AWS Partner Network (APN) Blog

New Features in AWS Service Broker for OpenShift and Kubernetes

By Ryan Niksch, Partner Solutions Architect at AWS

The AWS Service Broker is an open source project that allows native AWS services to be exposed directly through application platforms, such as Red Hat OpenShift Container Platform.

Developers are able to provision and expose Amazon Web Services (AWS) through the Service Catalog, Command Line Interface (CLI), or API without needing to interact with the AWS console, or without having extensive knowledge of AWS.

In 2017, the AWS Service Broker was launched to support a subset of services, focusing on database, queuing, and messaging services. The Service Broker catered for Amazon Relational Database Service (Amazon RDS), Amazon DynamoDB, Amazon EMR, Amazon Simple Queue Service (Amazon SQS), and Amazon Simple Notification Service (Amazon SNS), to name a few.

In response to customer feedback, the most recent service additions have shifted focus to artificial intelligence and security offerings. Customers are able to provision the services shown in Figure 1 through the AWS Service Broker and expose them through the application platform through a bind process which exports values required to consume the service, such as end points and Amazon Resource Names (ARNs).

New Services Available in the AWS Service Broker

AWS KMS, Amazon Kinesis, Amazon RDS Postgres, Amazon RDS MariaDB, AWS Translate, Amazon Lex, Amazon Polly, Amazon Rekognition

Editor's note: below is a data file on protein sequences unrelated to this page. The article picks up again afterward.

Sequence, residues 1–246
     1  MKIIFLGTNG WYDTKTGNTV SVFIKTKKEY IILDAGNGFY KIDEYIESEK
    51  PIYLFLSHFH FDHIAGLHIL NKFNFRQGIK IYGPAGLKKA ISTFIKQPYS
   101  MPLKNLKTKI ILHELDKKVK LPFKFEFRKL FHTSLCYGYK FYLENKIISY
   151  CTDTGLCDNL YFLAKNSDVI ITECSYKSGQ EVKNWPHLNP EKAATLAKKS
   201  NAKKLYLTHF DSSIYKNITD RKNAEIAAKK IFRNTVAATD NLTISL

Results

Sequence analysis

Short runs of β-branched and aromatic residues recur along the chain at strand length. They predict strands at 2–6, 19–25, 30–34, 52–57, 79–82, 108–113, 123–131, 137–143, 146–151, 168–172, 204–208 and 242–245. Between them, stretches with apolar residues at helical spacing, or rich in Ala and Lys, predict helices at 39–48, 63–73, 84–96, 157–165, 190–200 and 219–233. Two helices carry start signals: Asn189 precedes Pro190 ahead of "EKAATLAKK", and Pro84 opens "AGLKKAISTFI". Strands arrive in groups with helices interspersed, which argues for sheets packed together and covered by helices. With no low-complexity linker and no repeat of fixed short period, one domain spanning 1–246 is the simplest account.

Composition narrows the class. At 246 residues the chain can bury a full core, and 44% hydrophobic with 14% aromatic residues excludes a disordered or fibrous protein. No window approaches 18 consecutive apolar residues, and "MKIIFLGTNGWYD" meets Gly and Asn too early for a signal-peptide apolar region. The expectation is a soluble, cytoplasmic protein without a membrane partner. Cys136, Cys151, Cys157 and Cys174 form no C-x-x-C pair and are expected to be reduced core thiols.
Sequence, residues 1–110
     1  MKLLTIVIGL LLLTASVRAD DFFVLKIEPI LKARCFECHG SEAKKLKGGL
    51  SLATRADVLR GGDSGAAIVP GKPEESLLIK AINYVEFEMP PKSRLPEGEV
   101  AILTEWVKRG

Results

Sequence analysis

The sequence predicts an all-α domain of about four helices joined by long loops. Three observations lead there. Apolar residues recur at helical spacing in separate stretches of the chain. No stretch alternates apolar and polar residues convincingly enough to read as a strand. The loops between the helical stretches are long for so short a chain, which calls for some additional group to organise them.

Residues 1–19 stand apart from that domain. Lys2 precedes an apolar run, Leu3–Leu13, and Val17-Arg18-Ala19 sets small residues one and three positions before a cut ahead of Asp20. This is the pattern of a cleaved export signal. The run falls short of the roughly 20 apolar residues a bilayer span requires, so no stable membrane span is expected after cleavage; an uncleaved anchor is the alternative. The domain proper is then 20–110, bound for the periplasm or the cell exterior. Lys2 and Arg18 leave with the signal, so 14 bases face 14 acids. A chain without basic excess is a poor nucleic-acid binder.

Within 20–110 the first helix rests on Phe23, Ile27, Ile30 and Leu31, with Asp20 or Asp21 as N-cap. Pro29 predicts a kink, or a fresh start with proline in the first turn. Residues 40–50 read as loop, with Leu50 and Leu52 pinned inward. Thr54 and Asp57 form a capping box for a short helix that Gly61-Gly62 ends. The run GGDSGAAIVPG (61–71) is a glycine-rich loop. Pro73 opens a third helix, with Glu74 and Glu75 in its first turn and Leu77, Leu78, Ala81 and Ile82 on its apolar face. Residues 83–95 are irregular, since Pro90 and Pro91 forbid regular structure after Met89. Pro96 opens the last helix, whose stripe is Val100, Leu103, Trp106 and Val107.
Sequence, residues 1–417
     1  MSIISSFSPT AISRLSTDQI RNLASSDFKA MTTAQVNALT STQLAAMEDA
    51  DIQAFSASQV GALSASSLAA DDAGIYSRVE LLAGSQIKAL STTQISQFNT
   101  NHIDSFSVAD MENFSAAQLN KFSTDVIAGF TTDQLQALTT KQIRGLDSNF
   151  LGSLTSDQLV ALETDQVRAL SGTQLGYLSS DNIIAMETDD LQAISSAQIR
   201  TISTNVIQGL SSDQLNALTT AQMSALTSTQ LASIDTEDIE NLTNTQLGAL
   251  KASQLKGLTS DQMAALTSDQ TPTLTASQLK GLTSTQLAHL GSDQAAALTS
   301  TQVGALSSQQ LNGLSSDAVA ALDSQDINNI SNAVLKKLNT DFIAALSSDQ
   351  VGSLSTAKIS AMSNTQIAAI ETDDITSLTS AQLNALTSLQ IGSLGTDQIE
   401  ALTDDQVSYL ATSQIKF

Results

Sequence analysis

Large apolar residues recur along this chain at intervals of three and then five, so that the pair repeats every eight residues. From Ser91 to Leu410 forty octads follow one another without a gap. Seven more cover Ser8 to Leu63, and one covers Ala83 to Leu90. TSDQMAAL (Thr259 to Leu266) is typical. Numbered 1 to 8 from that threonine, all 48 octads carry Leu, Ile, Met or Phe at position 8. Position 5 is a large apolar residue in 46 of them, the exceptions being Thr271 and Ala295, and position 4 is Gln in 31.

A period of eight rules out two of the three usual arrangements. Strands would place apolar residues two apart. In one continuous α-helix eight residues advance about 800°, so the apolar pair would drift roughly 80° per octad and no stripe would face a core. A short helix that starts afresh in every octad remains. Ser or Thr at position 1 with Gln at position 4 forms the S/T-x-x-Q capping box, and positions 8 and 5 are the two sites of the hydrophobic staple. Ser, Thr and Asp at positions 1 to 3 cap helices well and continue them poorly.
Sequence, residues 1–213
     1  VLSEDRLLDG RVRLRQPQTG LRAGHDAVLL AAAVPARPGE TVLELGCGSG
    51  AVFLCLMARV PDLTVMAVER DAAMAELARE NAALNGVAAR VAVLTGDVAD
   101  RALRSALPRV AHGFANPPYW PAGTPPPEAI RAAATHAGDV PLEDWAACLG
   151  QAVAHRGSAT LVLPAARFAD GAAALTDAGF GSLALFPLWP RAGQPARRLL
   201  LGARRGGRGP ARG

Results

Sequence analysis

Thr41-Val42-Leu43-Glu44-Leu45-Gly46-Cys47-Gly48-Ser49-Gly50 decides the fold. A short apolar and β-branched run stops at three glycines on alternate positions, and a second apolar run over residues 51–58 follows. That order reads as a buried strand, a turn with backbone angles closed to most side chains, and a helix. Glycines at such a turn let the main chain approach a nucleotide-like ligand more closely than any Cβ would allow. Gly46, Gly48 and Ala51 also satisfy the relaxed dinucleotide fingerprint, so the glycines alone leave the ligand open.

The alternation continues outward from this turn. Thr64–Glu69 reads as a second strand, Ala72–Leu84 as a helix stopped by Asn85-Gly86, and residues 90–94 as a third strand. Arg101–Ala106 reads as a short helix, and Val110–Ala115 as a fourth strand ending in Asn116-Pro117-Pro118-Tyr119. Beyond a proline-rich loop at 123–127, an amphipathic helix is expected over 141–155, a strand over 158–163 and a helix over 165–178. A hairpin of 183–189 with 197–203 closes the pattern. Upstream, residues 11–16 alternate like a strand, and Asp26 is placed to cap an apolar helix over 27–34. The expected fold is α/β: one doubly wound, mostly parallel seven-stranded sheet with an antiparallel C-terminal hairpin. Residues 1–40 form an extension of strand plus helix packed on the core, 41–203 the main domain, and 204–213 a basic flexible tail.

Figure 1 – AWS Service Broker’s least service additions focus on artificial intelligence and security. 

Support for OpenShift v3.9

The AWS Service Broker has been updated to support OpenShift v3.9, allowing customers to leverage new features such as running behind proxy solutions. Customers are also able to integrate the Service Broker into existing clusters on versions 3.7 and 3.9, or new clusters on the latest OpenShift release.

AWS Service Broker Available Within the OpenShift Quick Start

The AWS Service Broker is now integrated into the Red Hat OpenShift Quick Start, and customers can enable the Service Broker through a parameter when launching the stack. Customers can accelerate the deployment of OpenShift, and immediately integrate native AWS services into their application solutions.

OpenShift Feature Configuration

Figure 2 – Parameter settings to enable the Service Broker through the OpenShift Quick Start.

Support for Kubernetes

The AWS Service Broker can be installed and run within native Kubernetes. This is discussed in detail in the AWS Open Source blog on provisioning AWS services through Kubernetes.

New Features for DevOps Teams

Development teams are now able to provision and expose 18 AWS services to their applications, taking advantage of the availability, elasticity, and scalability these services provide while allowing for faster native service adoption.

Operations teams are able to control which teams access the AWS Service Broker through the application platform. This give developers agility while still catering for the concerns of ops and security teams.

Next Steps

Explore how you can bridge the gap between on-premises and Amazon Web Services with the AWS Service Broker >>